Murderous Outrage in Fife
This crime report begins: 'A Full and Particular Account of that most Murderous Outrage that was committed on the body of George McDonald, a flax-dresser belonging to Dundee, by a person of the name of Robert Demster, a plasterer and slater from Cupar.' The broadside is priced at one penny.
Murders of Sir John Hay, Andrew Gray and Janet Stewart
This murder report begins: 'AN ACCOUNT OF A Horriod and Bloody Mnrder, committed in Kellso, by William Bolamgall, Shoe-Maker in Kellso. Upon Sir John Hay, Quarter-master to the Royal Gray's, and Andrew Gray, his Father's Apprentce, and Jannet Stewart their Servant Maid.' This broadside was printed in Edinburgh in 1720.
This murder report begins: 'An Account of these two Murders, the one committed, on Tuesday evening last, the 5th September, 1826, on the Body of Mrs ALEXANDER, residing at the foot of Leith Wynd, Edinburgh, by her own Husband; and the other, last night, Monday the 11th September, 1826, on the Body of a young man of the name of BAIN, a Hatter, in the West Port, who was killed on the spot.' This broadside is dated the 12th September, 1826.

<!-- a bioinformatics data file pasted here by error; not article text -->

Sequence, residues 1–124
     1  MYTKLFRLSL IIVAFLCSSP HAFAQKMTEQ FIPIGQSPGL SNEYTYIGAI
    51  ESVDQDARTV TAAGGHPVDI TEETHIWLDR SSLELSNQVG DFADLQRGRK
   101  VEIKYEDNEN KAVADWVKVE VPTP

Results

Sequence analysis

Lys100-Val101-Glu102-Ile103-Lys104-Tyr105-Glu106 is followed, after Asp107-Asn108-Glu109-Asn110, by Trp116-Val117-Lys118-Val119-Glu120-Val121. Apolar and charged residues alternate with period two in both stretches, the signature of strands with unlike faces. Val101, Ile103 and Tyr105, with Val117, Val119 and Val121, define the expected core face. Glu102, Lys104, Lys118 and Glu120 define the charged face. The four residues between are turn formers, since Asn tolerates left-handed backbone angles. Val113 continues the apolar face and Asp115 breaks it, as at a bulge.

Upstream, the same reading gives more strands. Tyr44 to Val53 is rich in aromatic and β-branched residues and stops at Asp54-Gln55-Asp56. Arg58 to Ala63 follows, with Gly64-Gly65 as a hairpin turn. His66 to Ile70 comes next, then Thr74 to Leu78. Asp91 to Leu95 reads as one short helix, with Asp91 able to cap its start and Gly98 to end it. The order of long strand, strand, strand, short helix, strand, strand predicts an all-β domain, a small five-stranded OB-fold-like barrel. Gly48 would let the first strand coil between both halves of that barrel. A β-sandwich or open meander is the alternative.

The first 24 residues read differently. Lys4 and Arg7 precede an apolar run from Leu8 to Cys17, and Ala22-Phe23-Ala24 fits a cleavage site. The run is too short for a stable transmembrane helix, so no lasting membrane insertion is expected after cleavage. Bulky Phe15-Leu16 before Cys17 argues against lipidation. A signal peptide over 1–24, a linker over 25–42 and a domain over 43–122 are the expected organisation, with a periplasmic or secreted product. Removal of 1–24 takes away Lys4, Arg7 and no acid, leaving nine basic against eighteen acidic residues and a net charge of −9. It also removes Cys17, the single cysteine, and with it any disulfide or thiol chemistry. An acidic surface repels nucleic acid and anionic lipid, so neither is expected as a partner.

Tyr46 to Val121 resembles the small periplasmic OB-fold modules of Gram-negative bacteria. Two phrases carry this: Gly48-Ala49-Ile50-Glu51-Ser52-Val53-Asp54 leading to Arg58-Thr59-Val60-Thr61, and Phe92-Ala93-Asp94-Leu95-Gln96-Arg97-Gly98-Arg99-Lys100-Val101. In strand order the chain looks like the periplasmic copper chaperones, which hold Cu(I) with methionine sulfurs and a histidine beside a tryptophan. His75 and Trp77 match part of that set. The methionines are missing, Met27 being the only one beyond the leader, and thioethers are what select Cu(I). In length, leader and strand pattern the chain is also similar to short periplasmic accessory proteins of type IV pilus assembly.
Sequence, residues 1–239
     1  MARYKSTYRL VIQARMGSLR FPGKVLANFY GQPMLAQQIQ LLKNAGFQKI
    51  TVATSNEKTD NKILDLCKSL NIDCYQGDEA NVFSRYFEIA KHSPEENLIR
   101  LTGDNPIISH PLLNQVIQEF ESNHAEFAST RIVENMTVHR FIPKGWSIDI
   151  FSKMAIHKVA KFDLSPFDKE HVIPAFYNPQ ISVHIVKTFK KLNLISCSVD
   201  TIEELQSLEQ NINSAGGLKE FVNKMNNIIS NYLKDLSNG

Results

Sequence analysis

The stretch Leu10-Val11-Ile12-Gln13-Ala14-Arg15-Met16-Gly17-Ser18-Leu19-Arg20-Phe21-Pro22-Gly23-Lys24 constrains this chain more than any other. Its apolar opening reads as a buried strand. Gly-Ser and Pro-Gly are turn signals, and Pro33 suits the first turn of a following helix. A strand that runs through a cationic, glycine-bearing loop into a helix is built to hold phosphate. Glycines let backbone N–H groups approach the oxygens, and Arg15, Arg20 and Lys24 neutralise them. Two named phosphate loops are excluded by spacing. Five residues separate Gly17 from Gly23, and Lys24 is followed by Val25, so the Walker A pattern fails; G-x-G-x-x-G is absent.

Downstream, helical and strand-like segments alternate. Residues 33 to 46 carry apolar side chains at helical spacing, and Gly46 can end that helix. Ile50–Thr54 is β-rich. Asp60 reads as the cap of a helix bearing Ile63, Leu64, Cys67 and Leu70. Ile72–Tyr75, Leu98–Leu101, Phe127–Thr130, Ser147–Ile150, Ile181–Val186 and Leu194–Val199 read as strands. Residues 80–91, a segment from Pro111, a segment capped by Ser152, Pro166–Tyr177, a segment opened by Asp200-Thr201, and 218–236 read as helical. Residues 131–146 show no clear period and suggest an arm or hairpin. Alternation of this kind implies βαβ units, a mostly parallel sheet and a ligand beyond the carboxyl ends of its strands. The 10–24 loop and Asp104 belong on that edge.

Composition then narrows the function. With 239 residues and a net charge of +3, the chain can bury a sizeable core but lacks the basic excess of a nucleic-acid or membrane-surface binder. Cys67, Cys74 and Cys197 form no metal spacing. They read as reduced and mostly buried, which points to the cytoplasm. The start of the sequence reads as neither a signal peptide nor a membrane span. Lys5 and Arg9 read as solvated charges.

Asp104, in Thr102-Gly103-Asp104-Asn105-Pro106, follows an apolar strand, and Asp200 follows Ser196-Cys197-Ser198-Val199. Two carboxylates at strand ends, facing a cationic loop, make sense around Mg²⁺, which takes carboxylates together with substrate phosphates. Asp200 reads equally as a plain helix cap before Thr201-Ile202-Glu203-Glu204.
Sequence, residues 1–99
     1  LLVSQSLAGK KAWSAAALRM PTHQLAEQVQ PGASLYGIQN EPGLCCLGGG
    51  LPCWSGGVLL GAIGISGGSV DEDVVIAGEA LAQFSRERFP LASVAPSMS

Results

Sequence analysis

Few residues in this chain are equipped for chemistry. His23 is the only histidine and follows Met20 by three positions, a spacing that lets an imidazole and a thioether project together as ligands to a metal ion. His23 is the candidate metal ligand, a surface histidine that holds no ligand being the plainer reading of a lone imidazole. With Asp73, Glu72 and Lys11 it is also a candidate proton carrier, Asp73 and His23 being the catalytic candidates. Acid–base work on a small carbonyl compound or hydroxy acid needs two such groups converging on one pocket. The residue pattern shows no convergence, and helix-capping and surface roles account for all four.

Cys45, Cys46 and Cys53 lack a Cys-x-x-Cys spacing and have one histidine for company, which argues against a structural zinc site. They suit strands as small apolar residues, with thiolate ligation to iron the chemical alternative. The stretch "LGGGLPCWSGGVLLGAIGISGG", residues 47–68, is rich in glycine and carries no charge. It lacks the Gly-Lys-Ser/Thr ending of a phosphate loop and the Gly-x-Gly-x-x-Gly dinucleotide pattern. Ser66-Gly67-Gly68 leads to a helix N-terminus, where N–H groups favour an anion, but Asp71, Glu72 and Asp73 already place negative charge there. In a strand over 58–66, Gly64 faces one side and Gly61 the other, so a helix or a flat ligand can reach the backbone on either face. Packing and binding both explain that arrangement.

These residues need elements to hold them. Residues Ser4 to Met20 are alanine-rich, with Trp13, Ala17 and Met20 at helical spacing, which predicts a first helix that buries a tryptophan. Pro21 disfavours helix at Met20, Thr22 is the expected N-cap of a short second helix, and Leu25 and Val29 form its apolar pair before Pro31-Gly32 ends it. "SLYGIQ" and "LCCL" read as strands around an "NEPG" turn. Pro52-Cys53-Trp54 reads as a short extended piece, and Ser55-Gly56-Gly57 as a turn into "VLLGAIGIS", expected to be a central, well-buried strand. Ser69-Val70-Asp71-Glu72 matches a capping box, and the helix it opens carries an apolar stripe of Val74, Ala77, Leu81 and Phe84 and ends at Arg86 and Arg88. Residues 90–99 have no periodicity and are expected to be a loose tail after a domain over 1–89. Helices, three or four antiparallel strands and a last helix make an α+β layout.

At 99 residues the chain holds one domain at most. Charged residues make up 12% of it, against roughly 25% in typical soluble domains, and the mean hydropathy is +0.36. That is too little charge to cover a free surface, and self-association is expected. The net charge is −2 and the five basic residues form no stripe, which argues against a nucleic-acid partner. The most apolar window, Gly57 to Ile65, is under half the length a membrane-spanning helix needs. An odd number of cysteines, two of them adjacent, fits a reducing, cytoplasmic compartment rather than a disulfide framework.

Mutiny & murder aboard the transport Hope
This crime report begins: 'An ACCOUNT of the Dreadful MUTINY that took place on board the Convict Transport HOPE, having on board 291 Female Convicts, many of whom belonged to Edinburgh, Leith, Glasgow. &c, & &c when most shocking to relate 17 seamen, and 39 convicts were killed and wounded in the fight, as detail d in a Letter from JAMES MAITLAND, one of the Seamen belonging to LEITH.' It was published by A McMillan in the Lawnmarket, Edinburgh.
My Ain Fireside
Verse 1: 'Come, my lads, let us mount and go, / For I'm going home, will ye gang or no? / For the drink's a' done; and the reckonings paid, / And I'm going home to my ain fire-side.' The publisher of this broadside was Muir, but the town and the date of publication are not cited.